The three main types of diabetes

News

Diabetes is recognised as the world’s fastest growing chronic condition. In Australia, 280 individuals develop diabetes every day.

Having diabetes not only affects the way you live your day-to-day life but can also increase your risk for a number of other health conditions, if left untreated.

It is important to understand the difference between the 3 types of diabetes as they all require daily care and management

Type 1 Diabetes:

Type 1 Diabetes, is an auto-immune condition in which the pancreas doesn’t produce insulin as the insulin producing cells are destroyed by the immune system. Insulin is a hormone that allows your body to use glucose as energy

People with type 1 diabetes require insulin injections every day to replace the insulin that the body cannot produce. They must also test their blood glucose levels several times throughout the day. To ensure there blood glucose levels don’t go to high or too low.

To learn more about type 1 diabetes, visit this link.

Type 2 Diabetes:

Type 2 Diabetes is the most common form of diabetes, representing 85 to 90 per cent of all diabetes cases in Australia. This is a progressive condition in which your body becomes resistant to the normal effects of insulin and becomes ineffective in managing blood glucose levels. The pancreas then starts to overproduce insulin to compensate and wears out the insulin producing cells overtime.

Type 2 diabetes can be managed with healthy eating, regular physical activity and sometimes medication.

The risk of developing diabetes increases with age and family history. Several lifestyle modifiable factors such as, increase in weight, insufficient physical activity and poor diet can all increase the risk of developing diabetes.

Please use this tool to check your risk of developing type 2 diabetes.

For more information on type 2 diabetes, visit this link.

Gestational Diabetes:

Gestational diabetes only occurs during pregnancy and is the fastest growing type of diabetes in Australia. Gestational diabetes is caused by hormones from the placenta that block the action of insulin.  Because of this, the need for insulin in pregnancy is 2 to 3 times higher than normal. In some cases, the body is unable to cope with these extra demands and thus resulting in gestational diabetes.

All pregnant women should be tested for gestational diabetes at 24-28 weeks of pregnancy (except those who already have diabetes). Women who have high  risk factors for diabetes should be tested earlier in their pregnancy.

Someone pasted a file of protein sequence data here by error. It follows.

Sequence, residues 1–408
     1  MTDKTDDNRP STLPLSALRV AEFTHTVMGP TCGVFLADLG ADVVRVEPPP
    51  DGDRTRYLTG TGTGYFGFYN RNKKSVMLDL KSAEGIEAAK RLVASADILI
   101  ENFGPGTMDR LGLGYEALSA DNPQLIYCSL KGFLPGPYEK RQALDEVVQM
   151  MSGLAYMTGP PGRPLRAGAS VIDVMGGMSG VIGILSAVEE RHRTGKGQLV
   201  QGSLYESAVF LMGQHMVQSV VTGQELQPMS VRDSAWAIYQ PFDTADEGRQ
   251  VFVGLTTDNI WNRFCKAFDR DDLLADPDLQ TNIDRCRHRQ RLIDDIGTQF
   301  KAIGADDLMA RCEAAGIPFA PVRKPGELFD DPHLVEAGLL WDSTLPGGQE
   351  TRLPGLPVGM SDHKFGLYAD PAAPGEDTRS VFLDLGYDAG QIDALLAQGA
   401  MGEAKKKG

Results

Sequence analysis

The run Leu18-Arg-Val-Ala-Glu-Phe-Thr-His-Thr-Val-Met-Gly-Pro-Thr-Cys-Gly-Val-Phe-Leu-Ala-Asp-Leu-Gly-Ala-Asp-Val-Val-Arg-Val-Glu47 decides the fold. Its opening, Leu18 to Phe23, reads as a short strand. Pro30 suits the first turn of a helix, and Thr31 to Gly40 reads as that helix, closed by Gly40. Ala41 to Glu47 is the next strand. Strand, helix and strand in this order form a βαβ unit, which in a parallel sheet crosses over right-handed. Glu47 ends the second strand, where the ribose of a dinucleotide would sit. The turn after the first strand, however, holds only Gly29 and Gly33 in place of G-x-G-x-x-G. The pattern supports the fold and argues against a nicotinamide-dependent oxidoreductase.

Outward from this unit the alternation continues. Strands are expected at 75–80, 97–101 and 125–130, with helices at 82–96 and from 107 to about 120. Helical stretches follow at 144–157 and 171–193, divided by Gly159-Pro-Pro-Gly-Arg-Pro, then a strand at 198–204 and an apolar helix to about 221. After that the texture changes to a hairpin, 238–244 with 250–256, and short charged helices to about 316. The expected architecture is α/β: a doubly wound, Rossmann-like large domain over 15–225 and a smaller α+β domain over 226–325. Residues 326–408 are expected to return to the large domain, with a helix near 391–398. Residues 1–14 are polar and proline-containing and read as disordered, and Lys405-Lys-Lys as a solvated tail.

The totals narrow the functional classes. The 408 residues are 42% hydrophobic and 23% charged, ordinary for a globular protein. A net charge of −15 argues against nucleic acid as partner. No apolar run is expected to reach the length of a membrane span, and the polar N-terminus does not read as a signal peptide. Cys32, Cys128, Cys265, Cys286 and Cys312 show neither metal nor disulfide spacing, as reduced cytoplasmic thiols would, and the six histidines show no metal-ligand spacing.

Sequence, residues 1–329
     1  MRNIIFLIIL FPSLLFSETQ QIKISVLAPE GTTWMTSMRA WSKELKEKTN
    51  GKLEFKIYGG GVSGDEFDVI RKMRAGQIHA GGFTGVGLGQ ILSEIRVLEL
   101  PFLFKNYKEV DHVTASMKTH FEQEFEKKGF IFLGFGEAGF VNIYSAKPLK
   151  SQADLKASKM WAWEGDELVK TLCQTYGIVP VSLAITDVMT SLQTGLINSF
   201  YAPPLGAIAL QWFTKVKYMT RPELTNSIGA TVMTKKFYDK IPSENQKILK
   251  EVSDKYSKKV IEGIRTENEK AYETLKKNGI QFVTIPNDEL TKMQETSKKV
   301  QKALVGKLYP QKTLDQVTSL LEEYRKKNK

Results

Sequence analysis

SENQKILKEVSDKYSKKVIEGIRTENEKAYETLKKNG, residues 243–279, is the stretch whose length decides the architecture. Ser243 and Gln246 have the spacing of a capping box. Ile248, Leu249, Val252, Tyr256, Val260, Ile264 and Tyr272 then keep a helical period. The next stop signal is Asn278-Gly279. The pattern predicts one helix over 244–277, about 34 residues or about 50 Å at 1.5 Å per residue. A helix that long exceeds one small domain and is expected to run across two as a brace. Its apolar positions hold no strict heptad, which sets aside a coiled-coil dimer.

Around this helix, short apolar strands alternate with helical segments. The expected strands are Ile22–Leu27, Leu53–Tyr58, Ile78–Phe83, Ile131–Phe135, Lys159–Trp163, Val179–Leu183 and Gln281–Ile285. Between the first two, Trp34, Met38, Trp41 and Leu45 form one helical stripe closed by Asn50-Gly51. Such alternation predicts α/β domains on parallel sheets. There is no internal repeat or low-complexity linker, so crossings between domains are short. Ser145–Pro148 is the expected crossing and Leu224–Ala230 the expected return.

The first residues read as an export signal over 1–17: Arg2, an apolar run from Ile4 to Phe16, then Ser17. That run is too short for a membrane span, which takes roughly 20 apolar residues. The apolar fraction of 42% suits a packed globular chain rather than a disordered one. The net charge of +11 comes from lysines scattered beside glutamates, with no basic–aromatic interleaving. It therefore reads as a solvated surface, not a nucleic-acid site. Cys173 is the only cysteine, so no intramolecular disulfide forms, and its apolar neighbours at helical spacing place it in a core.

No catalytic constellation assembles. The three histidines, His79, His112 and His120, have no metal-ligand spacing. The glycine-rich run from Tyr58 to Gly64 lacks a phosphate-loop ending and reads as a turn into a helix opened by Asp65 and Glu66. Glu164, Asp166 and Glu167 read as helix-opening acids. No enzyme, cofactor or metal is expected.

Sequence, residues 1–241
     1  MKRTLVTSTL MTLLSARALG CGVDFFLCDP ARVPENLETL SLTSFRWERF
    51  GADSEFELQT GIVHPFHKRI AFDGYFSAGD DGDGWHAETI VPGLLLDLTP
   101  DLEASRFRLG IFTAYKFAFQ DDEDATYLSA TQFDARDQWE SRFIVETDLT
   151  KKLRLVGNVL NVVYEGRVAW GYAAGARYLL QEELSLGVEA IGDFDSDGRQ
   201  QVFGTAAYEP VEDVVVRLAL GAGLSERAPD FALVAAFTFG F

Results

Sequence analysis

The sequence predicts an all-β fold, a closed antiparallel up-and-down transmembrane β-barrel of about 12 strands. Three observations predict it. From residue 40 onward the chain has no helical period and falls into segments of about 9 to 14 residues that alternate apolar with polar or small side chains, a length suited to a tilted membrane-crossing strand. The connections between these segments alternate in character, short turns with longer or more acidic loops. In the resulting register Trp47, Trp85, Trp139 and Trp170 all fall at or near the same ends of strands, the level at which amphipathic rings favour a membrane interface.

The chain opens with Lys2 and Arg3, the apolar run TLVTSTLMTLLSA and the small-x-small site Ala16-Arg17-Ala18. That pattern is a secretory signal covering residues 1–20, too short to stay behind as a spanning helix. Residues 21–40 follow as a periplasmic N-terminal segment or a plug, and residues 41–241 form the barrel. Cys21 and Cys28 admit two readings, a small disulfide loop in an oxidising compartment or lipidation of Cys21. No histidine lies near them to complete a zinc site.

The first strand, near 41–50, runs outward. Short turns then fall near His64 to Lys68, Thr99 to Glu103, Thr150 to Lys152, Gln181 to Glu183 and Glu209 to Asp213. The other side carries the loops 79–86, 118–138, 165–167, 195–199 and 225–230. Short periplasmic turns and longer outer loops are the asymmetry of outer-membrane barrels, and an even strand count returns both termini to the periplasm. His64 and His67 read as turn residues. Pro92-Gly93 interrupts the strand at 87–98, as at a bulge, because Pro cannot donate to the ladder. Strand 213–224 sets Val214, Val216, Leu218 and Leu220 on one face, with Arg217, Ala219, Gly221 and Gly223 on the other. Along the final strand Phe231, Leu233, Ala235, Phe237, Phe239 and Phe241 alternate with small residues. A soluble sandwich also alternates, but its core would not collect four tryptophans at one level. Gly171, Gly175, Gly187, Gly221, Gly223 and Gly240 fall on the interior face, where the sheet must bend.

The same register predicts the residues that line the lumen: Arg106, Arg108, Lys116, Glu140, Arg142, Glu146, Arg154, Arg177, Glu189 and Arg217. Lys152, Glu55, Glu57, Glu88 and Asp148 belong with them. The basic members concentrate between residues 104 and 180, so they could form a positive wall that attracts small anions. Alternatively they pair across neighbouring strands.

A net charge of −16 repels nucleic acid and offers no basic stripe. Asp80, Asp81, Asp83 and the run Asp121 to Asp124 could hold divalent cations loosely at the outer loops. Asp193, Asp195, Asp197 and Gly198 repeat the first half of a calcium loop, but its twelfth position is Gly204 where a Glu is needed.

When the pregnancy is over and blood glucose levels usually return to normal, gestational diabetes disappears. However, this increases the risk of developing type 2 diabetes later in life for both the women and baby.

Women who have had Gestational Diabetes should be checked regularly for Type 2 diabetes.

To learn more about gestational diabetes, visit this link.

You may also like

  • Beat the winter blues – volunteer

    With winter attempting to lure us into our caves the thought of hibernation may be tempting, but the answer to beating the winter blues may just be to get out of the house and try a spot of volunteering.

    Read More
  • Help at hand with infant mental health

    Raising a child is undoubtedly one of the hardest and most important jobs you can have. From birth the challenges are overwhelming as adult life is fraught with sleepless nights, increased time demands, relationship changes and never-ending stages of baby’s growth to add to the sense of chaos.

    Read More
  • Immune boosting

    Immune boosting foods to get you through this cold period.

    Read More
Speech Pathology for Kids

Speech Pathology for Kids

Speech pathologists provide assessment and management of communication, swallowing and feeding difficulties.

Read More
Community Transport

Community Transport

We have been offering safe and quality door-to-door transport options to our community since 1975.

Read More
Occupational Therapy Week 21-27 October

Occupational Therapy Week 21-27 October

We provide Occupational Therapy to help children, adults and those experiencing mental health issues, to achieve their full potential.

Read More